Celebrating The Suburbs

Words by
Amber Creswell Bell
| December 18, 2013

I was a child born in the lush, green garden belt of Sydney. It was an idyllic childhood, filled with happy memories of fairy gardens, budgie breeding, riding my bike around the streets with happy abandon, and stealing the neighbour’s foxgloves for mum at dawn.

To this day the smell of a moist, up-turned rock evokes the strongest of nostalgias. So, what did I do as soon as I had a uni degree under my belt and a significant HECS debt to attend to? I got the hell out of there as fast as I could! That’s what.

My early twenties were spent bouncing around share houses in Sydney’s Eastern Suburbs, having the time of my life – and ensuring I was as up close and personal with urbanity as much as humanly possible. When I turned 24 I was relocated to Melbourne for work. I got all grown up-like, worked hard and bought myself my first apartment: the quintessential 2-bedroom art deco in St Kilda. It was great, it really was – but I always felt that something was just … missing. It didn’t feel quite like home.

I realised after a couple of years that what was missing was in fact ‘ground’. I couldn’t shake the feeling that I had essentially invested in a bunch of bricks, windows, plumbing and other miscellaneous building materials in ‘the sky’. My floor was someone else’s ceiling. I had no ground! I had no SOIL!

So, when I met my husband we decided to move back to Sydney and bought our first home together. It was a period home in the inner-west – where the coffee is great, the houses are pretty and the yards are small.

People in the inner west don’t need yards, because they are too busy being ‘ten minutes from everything’. But at last I had a yard, albeit it a courtyard – and, I thought, plenty big enough. I had grand plans to fill it with free growing herbs, gardenias, rampant jasmine and other pick-able fragrant delights. But then the small courtyard was quickly shared – first with dog, then with first born and again with second born. My patch of earth was at the mercy of my growing family, and my garden dreams were systematically pee’d on, prematurely picked by my kids or stolen by opportunistic yuppie passers by who fancied my front fence agaves as centerpieces.

It was clear: we needed more space – so we scoured the inner-west for the ‘step up’. It seemed that everyone else had the same notion. I revised my wish-list nightly, praying to the powers that be to show me THE HOUSE.  Was it really that hard to find a house within 3km of the CBD with a big front and back yard, a driveway, on a quiet street with a green outlook and room for chooks? Umm, yes, it was. Because what I was actually trying to do was shoehorn the suburbs into the ‘urbs’.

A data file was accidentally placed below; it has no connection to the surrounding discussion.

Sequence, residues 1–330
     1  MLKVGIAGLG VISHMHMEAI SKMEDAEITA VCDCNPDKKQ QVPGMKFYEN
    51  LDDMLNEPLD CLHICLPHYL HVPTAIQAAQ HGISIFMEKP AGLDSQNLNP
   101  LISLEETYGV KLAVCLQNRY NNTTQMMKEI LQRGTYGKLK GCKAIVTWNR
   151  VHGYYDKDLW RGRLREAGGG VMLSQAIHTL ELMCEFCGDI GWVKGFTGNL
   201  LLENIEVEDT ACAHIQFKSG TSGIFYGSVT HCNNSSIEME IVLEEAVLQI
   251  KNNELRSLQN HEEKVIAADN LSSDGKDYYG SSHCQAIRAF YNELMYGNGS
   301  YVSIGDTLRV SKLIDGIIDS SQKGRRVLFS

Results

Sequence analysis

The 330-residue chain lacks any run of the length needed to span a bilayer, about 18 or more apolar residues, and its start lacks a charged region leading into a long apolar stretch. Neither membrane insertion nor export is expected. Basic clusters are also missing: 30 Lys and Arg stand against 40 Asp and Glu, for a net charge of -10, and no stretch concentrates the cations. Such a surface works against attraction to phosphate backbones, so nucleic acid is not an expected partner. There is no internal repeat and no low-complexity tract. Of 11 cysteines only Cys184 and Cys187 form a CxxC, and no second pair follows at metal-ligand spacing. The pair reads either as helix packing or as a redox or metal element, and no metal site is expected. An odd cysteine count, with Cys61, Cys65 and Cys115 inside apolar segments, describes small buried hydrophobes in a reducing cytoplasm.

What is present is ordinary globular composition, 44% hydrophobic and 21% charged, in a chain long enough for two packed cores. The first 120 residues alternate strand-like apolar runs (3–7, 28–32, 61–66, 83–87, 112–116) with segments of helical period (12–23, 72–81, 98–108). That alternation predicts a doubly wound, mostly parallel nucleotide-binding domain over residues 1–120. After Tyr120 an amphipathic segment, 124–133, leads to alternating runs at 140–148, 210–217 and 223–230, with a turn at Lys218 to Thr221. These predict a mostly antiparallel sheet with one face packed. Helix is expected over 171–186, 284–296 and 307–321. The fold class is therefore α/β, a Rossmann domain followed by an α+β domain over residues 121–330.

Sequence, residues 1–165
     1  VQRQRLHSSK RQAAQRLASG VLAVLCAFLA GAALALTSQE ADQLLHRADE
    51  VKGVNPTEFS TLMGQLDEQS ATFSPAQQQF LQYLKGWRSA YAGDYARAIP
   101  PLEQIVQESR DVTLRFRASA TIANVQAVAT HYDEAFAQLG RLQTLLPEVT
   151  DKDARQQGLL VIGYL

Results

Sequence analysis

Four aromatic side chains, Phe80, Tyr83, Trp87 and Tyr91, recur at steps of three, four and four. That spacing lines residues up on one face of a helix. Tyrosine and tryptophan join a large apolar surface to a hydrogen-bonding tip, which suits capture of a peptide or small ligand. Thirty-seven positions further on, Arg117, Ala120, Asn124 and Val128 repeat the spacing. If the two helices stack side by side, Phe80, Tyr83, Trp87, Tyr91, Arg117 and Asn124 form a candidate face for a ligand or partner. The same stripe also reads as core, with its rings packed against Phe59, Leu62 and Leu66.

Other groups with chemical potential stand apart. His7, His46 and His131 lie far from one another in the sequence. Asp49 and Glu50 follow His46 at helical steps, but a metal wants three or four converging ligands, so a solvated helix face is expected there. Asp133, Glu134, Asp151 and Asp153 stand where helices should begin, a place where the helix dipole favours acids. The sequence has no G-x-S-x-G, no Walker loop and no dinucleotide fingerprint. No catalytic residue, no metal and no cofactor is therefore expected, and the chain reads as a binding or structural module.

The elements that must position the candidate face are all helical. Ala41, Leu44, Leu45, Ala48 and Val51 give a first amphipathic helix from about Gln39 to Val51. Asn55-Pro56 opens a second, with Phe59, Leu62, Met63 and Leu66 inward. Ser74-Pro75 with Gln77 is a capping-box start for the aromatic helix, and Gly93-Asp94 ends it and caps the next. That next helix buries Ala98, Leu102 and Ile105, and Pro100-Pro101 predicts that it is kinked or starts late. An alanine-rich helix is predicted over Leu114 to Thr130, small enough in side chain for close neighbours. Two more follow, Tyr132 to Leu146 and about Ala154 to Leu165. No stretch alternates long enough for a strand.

So, we did it. We took a deep breath and bought a midcentury house in the suburbs, on a quiet a cul de sac, with district view of green everything. I have a front yard and a back yard (and a side yard for that matter). I can park in my own driveway without having to schlep around the corner in the rain with the groceries and 2 kids in tow. And there are no late night revelers peeing outside my bedroom window on their way home from the pub.

Of course, we copped the obligatory flack “we’ll never see you!”, “we’ll have to sleep over!”, “will you start wearing pearls?!” Well, at 30 minutes outside of the metropolis I think we’ll be ok. What I do have is garden beds. Oodles of them.

For my birthday I took delivery of 3-tonnes of soil and manure. Thrilled! My happy place is shovelling the afore-mentioned soil into the wheelbarrow and depositing it around my new ‘ground’. My thoughts are clear, my work problems resolved and my limbs sore in a really nice way. Trees that I have always ruled out for spatial reasons are now all residing happily in my back yard – Manchurian pears, cherry blossoms and magnolias are all sheltering new beds of gardenias, hydrangeas, daphnes, roses, and flowering mays.

Every bed I clear unearths the loving efforts of gardeners-past. Hidden goldmines of mystery bulbs are unearthed amongst the mature camellias and azaleas that were planted decades before I was even a thought. I am now woken by the early rising birdlife, and not the A380 en-route from Singapore. My kids delight in parrots landing on their fingers and old, slow blue-tongue lizards sunning themselves on the rock wall.

Contrary to popular belief – people ‘here’ are quite normal, and mostly folk like ourselves – looking for space and green in the midst of our super manic, over-stretched, urban lives.

As one of my gorgeous clients lovingly said: “oh, the suburbs, where the gardens are green and the people are dead!” … this adage no doubt rings true. But as an urban transplant who has found their way back to the garden, the homecoming has been a seriously celebratory one.


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